Between the first and the second Anglo-Afghan war, King Dost Mohammad Khan largely succeeded in one country. His work was continued by Abdor Rahman Khan, “the strong emir”, during the last two decades of the 19th century. Abdor Rahman had lived in Turkmenistan for a period of his life and had seen the Muslim people succumb to the expanding Russia. The observations he made were the basis for a good foreign policy, which was based on a balance between British and Russian interests in Afghanistan. During this time, the country’s borders were set against the Russian and British empires, including the so-called Durand Line between Afghanistan and British India.
During the 1920s, King Amanollah Khan pursued a reform policy aimed at introducing Western modernities into Afghanistan. Among other things, Western upholstery was offered in Kabul, and new taxes were levied on the peasants in order to finance the modernization policy. However, dissatisfaction with this led to the king being overthrown in 1929, followed by a period of disorder and internal contradictions.
The balance between powerful neighbors, and the problems associated with the modernization of the Afghan clan community, have characterized Afghanistan’s modern history.
From independence to Soviet invasion, 1947-79
When Pakistan became independent in 1947, Afghanistan claimed the Pakistani areas where the Pashtun people live. The Durand Line had the ethnic homogeneous area populated by the Pashtuns in an Afghan and a British part. The Afghan demands led to a tense relationship between the two countries. Pakistan closed its border with Afghanistan, leading to Afghanistan’s near total isolation for several years.
The king, Mohammad Zahir Shah, had come to power in 1933. In 1953 he made his cousin Mohammad Daudto the Prime Minister. Daud turned to the United States in the mid-1950s with a prayer for development assistance. The United States went crazy, and it was instead the Soviet Union that met the Afghan prayers for civilian and military aid. Thus, an important principle in Afghan foreign policy – neutrality and balance between the great powers – had been disrupted and the basis for a growing Soviet influence. Thousands of young officers were trained in the Soviet Union; many of them later came to play a fateful role in the many coup attempts. In 1963, the king forced the authoritarian Daud to resign, and a liberal constitution was adopted the following year. Political groups began to emerge, including the Communist Party PDPA. Democratic reforms, however, largely stayed on paper, depending on the king’s opposition, and the result was a growing social concern during the late 1960s. Criticism against the authorities was increased by the state’s inability to handle a drought disaster in the early 1970s. In 1973, Daud deposed the king with support from parts of the army and proclaimed republic with himself as president. Eventually, however, he came into conflict with the young officers who brought him to power. Since imprisoning a group of PDPA leaders in 1978, the officers struck and executed a coup, the so-called Saur Revolution in April, in which Daud and large parts of his family were obliterated.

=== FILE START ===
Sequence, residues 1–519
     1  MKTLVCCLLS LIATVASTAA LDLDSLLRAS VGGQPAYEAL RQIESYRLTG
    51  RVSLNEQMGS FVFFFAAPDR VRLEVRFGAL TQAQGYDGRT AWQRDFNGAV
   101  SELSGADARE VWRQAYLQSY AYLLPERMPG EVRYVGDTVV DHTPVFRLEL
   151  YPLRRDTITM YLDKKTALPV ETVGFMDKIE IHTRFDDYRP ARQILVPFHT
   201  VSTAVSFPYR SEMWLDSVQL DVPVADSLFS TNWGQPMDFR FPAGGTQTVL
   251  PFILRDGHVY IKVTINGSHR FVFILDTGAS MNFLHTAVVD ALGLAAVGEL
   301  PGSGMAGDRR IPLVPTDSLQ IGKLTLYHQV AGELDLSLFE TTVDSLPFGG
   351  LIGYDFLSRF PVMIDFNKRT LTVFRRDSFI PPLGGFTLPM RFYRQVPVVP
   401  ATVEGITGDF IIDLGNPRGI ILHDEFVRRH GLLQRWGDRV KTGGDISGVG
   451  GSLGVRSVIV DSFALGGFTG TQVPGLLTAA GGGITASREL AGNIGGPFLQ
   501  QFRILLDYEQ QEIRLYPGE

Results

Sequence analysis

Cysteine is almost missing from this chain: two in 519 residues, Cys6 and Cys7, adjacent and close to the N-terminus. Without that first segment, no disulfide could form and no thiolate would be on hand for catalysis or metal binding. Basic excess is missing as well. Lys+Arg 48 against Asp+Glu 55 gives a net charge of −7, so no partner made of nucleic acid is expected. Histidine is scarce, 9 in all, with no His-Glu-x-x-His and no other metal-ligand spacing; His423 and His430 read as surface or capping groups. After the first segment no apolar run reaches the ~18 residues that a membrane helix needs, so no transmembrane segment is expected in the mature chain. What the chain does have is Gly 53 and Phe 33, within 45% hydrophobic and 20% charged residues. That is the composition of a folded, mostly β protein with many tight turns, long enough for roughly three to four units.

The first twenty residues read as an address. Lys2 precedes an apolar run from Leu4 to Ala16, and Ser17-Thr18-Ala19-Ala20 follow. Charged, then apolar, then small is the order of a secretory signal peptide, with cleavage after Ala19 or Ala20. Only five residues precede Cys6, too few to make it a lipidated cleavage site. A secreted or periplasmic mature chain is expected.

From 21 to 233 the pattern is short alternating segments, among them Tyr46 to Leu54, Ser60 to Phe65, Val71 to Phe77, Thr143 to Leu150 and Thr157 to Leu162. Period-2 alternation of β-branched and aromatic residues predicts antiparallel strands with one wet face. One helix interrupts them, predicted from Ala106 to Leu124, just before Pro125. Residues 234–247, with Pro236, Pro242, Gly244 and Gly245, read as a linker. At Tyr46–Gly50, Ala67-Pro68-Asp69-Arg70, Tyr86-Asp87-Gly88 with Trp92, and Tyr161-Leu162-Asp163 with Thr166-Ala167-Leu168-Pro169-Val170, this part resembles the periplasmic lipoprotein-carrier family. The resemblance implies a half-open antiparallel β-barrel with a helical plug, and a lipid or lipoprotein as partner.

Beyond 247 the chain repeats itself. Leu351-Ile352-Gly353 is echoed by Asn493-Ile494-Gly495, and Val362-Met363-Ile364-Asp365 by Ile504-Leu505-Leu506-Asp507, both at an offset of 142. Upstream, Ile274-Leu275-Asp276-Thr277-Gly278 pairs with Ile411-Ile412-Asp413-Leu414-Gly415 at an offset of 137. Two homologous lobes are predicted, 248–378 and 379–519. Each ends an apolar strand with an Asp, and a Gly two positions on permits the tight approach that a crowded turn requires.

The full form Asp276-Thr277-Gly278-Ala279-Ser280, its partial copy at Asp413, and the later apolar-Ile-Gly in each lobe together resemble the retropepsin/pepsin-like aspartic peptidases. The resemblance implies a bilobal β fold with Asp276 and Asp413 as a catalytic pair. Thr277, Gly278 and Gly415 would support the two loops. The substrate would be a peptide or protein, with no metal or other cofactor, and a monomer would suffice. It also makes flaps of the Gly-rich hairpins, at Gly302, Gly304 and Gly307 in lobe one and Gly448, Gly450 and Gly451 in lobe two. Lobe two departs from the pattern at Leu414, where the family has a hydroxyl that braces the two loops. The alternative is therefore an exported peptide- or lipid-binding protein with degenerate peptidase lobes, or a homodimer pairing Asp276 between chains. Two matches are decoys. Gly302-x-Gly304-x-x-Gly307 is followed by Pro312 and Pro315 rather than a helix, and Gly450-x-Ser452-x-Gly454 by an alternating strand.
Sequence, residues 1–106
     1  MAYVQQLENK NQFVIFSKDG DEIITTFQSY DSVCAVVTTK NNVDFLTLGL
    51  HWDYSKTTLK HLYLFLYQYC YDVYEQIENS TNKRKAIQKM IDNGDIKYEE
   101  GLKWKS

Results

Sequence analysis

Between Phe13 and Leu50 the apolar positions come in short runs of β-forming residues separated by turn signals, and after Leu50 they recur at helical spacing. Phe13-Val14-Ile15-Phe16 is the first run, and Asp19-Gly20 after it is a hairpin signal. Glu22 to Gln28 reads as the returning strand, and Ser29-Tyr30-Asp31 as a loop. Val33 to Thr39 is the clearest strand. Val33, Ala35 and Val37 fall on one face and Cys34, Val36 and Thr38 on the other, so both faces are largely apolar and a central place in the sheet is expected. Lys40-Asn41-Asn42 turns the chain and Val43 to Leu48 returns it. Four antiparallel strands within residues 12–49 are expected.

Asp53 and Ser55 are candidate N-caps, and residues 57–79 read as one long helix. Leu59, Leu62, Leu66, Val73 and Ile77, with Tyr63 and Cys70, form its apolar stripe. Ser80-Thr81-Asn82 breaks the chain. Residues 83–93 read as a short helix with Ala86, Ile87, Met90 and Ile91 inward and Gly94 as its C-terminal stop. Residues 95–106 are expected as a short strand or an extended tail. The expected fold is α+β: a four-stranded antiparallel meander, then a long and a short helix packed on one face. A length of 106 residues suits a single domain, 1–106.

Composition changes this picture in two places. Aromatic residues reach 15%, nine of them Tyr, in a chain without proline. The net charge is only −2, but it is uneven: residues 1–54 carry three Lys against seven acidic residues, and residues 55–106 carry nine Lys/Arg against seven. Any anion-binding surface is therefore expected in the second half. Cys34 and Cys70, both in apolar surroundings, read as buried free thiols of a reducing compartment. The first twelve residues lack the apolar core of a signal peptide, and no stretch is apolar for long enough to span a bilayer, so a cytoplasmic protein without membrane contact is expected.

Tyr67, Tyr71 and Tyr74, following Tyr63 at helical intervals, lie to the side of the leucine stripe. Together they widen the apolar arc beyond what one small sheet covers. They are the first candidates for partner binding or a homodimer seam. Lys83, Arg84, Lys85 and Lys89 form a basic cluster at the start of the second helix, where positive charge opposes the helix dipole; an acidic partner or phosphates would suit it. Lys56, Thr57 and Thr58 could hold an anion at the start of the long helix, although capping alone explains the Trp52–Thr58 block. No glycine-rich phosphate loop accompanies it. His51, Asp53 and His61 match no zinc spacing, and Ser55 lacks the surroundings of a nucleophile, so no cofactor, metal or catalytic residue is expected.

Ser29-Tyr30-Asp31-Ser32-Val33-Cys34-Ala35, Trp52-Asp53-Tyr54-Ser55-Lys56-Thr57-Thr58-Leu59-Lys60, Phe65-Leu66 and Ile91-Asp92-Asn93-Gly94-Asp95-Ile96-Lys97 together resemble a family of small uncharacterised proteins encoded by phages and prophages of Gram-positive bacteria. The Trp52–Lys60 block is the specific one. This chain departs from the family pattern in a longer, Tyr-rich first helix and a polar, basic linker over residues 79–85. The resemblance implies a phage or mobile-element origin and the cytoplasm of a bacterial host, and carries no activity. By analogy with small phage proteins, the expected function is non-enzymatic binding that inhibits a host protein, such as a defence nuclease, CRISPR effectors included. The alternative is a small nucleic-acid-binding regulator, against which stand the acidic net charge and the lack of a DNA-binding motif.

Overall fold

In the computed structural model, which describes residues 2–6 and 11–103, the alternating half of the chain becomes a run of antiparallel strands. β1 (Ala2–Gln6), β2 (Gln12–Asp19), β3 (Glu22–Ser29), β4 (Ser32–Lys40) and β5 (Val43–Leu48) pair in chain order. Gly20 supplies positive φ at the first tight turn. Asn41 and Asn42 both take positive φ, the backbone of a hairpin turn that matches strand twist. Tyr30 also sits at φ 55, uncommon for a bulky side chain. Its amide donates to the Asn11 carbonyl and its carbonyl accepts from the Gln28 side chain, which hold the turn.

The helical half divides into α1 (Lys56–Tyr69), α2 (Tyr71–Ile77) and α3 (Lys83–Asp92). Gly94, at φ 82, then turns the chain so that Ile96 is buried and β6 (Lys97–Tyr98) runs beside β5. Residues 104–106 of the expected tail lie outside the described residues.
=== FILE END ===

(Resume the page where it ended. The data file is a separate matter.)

The new communist regime was characterized from the very beginning by a strong division between two factions, khalq and parcham. The newly formed Revolutionary Council, led by Nur Mohammad Taraki, presented a five-year plan under which Afghanistan would have a Soviet-type state socialist system. All parties except PDPA were banned, and a land reform was proclaimed. The plan was put into effect by force of young cadres who arrived in the villages followed by military units. The new policy was experienced by the rural population, where about 80 percent lived, as a threat to the tribal community and as a further attempt by the central power to subvert the independent countryside. Within a few months, rebellion had erupted in most of Afghanistan’s provinces (see the Afghan war).